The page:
Should thrift stores be limited to people in need?
You make a good salary and can afford to shop and buy new clothes at retail. But you really enjoy shopping at a particular thrift store, where you find great bargains even though you sometimes buy items that you really don’t need.
And there's the rub. If you buy something at that thrift store, and lots of middle class people do, you’re probably taking it away from someone who needs it more than you ... and can afford it way less than you can.
Tough, a deal is a deal, and should be available to anyone who happens to find it. Or are you putting the screws to someone you don't even know and making their life just a tad more miserable in the process?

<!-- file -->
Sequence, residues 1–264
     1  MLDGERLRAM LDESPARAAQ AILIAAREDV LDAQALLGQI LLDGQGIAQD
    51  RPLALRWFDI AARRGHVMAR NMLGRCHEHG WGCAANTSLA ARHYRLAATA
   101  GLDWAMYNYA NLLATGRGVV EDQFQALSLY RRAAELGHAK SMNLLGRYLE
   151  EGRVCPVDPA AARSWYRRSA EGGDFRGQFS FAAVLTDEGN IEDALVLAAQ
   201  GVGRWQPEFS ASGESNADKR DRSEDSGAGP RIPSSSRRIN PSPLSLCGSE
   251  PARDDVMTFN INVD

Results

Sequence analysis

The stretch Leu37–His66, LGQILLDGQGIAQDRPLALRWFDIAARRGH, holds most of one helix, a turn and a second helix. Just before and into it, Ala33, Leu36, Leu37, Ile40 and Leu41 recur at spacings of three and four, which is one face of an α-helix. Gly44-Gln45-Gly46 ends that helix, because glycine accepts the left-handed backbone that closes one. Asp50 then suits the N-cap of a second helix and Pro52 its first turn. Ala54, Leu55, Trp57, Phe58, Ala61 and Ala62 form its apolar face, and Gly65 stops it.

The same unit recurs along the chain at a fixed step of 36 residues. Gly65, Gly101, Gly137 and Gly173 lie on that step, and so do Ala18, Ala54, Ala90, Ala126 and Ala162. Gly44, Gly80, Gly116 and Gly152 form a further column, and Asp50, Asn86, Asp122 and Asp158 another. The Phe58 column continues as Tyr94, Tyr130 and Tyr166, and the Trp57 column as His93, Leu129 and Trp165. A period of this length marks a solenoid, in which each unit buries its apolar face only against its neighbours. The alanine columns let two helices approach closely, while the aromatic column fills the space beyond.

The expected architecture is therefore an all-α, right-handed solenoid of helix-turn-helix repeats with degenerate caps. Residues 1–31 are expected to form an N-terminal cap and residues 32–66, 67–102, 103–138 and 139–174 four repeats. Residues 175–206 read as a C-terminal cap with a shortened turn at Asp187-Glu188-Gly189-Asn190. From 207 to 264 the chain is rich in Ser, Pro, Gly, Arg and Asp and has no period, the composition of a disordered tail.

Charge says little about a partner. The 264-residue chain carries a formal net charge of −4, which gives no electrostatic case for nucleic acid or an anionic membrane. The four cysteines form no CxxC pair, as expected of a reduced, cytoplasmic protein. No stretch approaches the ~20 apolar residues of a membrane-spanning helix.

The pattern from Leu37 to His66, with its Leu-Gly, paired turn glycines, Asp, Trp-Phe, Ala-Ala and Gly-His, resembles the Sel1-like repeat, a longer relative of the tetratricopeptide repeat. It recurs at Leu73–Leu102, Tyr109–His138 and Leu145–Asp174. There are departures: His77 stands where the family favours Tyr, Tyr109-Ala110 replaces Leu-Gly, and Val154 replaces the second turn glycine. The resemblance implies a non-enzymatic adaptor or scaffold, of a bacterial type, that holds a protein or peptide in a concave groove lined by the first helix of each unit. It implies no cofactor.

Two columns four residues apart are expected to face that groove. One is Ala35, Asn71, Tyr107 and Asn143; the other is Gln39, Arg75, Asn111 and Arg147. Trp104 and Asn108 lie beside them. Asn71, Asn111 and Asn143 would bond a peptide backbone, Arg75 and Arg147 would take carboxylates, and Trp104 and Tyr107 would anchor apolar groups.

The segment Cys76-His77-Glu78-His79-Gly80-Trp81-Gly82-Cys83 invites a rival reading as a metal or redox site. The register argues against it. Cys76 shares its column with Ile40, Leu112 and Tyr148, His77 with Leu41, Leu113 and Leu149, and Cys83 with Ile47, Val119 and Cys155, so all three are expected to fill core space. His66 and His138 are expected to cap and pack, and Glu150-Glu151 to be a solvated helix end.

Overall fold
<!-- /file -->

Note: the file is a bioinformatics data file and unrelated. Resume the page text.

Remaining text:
If a store positions itself as an aid organization for the underprivileged, you shouldn't be shopping there for pleasure, says Chuck Klosterman in the New York Times: "It’s a little like showing up at a soup kitchen because you think the soup is delicious."
Most thrift stores don’t operate solely in this capacity, however. They may even want your money to finance other good works, as the Salvation Army does. Or simply to turn a profit, as Value Village proudly asserts.
You enjoy the experience of bargain hunting, and there's nothing wrong with that, Klosterman argues. Keep shopping wherever you like.
Although, if you'd like to balance the books a bit when you find yourself buying something you don’t need, give something of greater value to charity. That way, you could turn your bargain-hunting obsession into a civic-minded hobby.
What's your take? Is it unethical to search for bargains when you can easily afford it from other stores? Do you donate in kind to offset your purchases?
By Gordon Powers, MSN Money